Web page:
Monday, February 21, 2011

It's not my hammer

I recently found this old hammer half buried under a rhododendron in my back yard.

It's not my hammer.

I was raised better than that. We don't treat tools that way in my family. But why does it still stand there, rusty and unused in the weather?

It's not my hammer.

It's a remnant of some previous tenant, some prior existence there, in my back yard.  I don't have to take charge of it's care if I don't want to. That was someone Else's responsibility.  I'm leaving it out there for a reason, several really. I like the way it looks by the blue box.  It has some meaning there, beyond that of a discarded hand tool, unused and uncared for.

It's not my hammer.

I could take it inside, try to clean it up & make it whole. It may not even be safe to use. Structural integrity and all that. I've had a chip off an old tired hammer break off and stick in my arm before. Yeah, really.  Part of me wants to feel guilty about not making the effort to bring it back to usefulness.

I have been fascinated by this forgotten object though.  It seems to be trying to tell me things. I've been visiting it out on the patio, watching it, listening for what things it might have to tell me, or to teach me.

Whoever left it out there in the first place is probably not a bad person. Sometimes one might forget, regardless of a proper upbringing, as regards the care of one's tools. One might be a young child, or easily distracted, or just plain forgetful. Not everyone recognizes or considers the value of a tool. Or perhaps they were just really busy, too busy to deal with one more thing. Life can be that way some times.

It has been said that we all live in a world of symbols and I believe that's true on a number of levels.  I've also read and heard that we Native Americans have always lived in worlds of symbols and I feel that to certainly be true of myself and those close to me.

A hammer is a tool. It is also a symbol, an overall abstraction of a thing you can use to make something else, repair something else, Create new things in the world. Having a hammer and exploring what a hammer can do changes the way one perceives the world around them and the possibilities therein.  It gives us a new way to relate to the world and those in it.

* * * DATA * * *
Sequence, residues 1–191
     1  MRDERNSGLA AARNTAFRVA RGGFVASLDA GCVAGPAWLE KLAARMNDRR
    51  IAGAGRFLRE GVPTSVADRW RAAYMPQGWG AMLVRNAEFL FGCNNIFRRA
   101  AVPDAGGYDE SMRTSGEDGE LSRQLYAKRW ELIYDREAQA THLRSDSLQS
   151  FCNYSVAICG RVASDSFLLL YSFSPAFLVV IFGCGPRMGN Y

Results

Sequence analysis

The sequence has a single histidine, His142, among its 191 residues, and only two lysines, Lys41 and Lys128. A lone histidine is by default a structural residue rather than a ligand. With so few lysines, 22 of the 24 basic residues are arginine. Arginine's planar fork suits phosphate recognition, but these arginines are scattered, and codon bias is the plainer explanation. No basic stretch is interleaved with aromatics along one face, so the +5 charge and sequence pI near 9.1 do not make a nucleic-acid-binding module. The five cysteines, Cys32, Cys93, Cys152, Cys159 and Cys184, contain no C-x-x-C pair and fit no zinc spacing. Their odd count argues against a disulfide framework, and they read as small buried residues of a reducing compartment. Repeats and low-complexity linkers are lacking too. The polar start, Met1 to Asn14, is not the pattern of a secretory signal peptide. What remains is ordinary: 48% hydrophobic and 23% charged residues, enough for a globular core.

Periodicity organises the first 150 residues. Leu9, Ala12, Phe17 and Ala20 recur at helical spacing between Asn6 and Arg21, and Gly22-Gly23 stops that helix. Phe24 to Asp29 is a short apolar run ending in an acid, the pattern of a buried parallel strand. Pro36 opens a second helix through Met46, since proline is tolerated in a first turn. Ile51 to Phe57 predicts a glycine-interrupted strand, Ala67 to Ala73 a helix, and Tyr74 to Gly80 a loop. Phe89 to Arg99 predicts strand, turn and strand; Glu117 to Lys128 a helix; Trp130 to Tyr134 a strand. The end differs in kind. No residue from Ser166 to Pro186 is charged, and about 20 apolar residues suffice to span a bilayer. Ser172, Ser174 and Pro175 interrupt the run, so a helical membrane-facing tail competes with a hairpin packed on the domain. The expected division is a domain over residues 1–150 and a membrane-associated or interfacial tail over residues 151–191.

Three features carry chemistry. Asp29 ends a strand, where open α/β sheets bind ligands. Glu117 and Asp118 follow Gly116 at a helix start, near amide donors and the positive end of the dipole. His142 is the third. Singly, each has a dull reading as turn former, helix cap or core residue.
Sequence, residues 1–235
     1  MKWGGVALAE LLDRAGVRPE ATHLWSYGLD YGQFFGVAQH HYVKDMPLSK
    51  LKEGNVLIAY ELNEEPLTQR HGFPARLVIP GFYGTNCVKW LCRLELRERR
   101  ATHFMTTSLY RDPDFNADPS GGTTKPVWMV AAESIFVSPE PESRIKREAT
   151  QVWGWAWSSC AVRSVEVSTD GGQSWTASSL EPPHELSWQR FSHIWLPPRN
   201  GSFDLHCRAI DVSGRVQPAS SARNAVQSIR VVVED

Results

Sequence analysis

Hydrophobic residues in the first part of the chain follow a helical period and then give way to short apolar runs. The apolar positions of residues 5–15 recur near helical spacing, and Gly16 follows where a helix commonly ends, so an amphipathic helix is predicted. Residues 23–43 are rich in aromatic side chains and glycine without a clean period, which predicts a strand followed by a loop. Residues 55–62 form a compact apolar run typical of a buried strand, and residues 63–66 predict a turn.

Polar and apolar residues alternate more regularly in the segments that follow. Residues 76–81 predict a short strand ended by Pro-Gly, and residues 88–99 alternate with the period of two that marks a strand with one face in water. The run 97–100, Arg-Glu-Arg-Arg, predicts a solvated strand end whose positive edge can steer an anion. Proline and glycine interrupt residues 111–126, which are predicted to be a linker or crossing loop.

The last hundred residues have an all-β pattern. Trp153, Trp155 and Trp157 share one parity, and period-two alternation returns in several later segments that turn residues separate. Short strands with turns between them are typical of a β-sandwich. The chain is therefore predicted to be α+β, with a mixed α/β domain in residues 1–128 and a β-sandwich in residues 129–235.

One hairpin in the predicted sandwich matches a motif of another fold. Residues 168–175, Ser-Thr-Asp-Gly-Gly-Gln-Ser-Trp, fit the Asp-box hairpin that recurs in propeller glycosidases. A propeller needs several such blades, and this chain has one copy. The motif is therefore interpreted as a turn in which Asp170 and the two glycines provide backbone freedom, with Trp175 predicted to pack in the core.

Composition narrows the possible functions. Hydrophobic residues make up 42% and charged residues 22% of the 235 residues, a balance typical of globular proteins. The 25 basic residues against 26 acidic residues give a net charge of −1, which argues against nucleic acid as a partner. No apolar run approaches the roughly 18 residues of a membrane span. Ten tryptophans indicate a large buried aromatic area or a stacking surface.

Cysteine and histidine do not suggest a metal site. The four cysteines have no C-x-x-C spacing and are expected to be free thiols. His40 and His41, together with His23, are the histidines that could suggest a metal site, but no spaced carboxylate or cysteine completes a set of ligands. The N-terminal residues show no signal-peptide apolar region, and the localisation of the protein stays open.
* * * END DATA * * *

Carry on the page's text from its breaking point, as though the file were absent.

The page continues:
A talent is a tool.

For too long I have let some of my talents, some of my tools, lie rusting under the bushes so to speak. I was raised better than that. Here on this page I've been working on some of that.  There are a couple of other talents I also need to get back to.  It can be difficult to make the time. There are a lot of other things in my life that require my time, energy and attention.  It's a work  in progress, my life.

It's not my hammer.

But they're my talents, wherever they came from. I have sometimes tried to deny that. If  a talent is not mine, not there in sufficient strength to be of use, then I'm not responsible to it, right?  Ok, I see that's weak.  We all have more than one talent. No, really. Some are shiny and bright. Easy for us and for others to see their strength, their beauty, their usefulness. Other talents, not so much. 

It's not my hammer. Or is it?

So we have to pick and choose. Which talent to nuture and use, which to let go. Which tool to pick up and use,  which to let go of, at least for a while. But I see some tools, some talents won't let you go. So work on the writing, let the  knife throwing go.  Work on the guitar playing, let the painting go.  And on and on and on. Little talents. Big talents. Useful, or not.

They're all my tools to use, to be responsible for and to enjoy as I choose. 

I'll work in some more writing, more guitar and some visual art, photography - yes, knife throwing - not so much.  And, of course, that weak talent, that rusty tool,  for making money - that's in need of some pretty big work I see also.

In all of that it's important to not forget, not neglect what may not be a talent, but is certainly important.  The taking care of others - family, friends or to some extent, whomever I might come in contact with.  Sometimes Kind is more important than Competent.

I guess the hammer is mine now. I think I'll go bring it in and put it in the garage, maybe see if I can clean it up a bit, even if it's not my best hammer, it's my hammer now.


  1. Nice piece John! And l love the composition of the photo! :)

  2. Beautiful post, John. When I reached the part about taking care of others as a talent, I was suddenly all teary. Thank you for this and for the reminder and for that great photo.

  3. Yep, it made me a little teary too. I tend to think about taking care of others as something I have to do and then sometimes resent it - but you're right - that too is a talent. I think you've also struck at the heart of something else that a lot of writers expend a great deal of energy on: not having enough talent. We moan and wail (at least I do) about not being good enough. Doesn't matter. If you have a tool, whether it's the top of the line model or came from the bargain shelf at the local Walmart - the tool is your responsibility. Thanks for the wise thoughts.

  4. Thanks Kristina and Kerry and Johanna!

    I always appreciate comments from you three especially.

    Sometimes kindness also comes with competence, as is So Much the case with you.

  5. I really enjoyed this post and your use of repetition to create resonance. Well done!

  6. I'd frame it rustically and sell it to some dumb tourists...